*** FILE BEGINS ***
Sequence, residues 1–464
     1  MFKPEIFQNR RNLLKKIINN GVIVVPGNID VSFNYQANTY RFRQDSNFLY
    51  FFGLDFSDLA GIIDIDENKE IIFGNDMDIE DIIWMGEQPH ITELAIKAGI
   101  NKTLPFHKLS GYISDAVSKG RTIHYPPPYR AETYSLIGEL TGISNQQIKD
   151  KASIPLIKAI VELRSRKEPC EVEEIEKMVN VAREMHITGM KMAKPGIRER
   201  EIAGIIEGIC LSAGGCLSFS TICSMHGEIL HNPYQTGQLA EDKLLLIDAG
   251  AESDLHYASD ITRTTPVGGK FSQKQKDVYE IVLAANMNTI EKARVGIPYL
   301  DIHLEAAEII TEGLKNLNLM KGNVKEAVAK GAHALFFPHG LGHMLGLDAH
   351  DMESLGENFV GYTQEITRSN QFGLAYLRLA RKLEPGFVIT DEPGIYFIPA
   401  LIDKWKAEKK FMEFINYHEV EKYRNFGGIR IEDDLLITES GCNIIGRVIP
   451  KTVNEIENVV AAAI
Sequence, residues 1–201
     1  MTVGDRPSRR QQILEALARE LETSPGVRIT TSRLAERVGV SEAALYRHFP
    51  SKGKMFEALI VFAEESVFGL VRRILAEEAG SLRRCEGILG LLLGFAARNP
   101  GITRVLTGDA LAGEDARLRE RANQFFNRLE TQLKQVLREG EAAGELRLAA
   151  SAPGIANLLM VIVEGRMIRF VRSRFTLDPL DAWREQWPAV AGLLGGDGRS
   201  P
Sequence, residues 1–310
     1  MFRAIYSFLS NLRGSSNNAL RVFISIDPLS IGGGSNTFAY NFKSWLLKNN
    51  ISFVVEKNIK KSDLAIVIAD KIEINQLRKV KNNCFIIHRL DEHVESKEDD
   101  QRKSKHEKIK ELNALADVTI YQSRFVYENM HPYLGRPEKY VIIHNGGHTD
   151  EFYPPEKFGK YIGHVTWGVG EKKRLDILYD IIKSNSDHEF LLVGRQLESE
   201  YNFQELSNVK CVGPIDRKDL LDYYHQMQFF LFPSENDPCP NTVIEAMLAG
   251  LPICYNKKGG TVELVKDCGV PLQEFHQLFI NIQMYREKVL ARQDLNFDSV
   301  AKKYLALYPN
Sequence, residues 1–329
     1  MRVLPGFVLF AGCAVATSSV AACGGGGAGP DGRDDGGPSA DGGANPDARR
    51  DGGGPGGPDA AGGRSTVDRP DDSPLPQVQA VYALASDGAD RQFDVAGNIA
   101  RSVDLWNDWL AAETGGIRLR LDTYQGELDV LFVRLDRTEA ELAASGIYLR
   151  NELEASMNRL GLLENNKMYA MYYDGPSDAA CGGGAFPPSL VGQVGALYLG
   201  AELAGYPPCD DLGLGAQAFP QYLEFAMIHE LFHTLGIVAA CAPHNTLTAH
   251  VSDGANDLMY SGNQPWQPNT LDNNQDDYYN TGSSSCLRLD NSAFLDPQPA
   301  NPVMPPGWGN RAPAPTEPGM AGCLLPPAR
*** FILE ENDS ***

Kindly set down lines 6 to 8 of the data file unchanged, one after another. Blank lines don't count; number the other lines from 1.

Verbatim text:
   201  EIAGIIEGIC LSAGGCLSFS TICSMHGEIL HNPYQTGQLA EDKLLLIDAG
   251  AESDLHYASD ITRTTPVGGK FSQKQKDVYE IVLAANMNTI EKARVGIPYL
   301  DIHLEAAEII TEGLKNLNLM KGNVKEAVAK GAHALFFPHG LGHMLGLDAH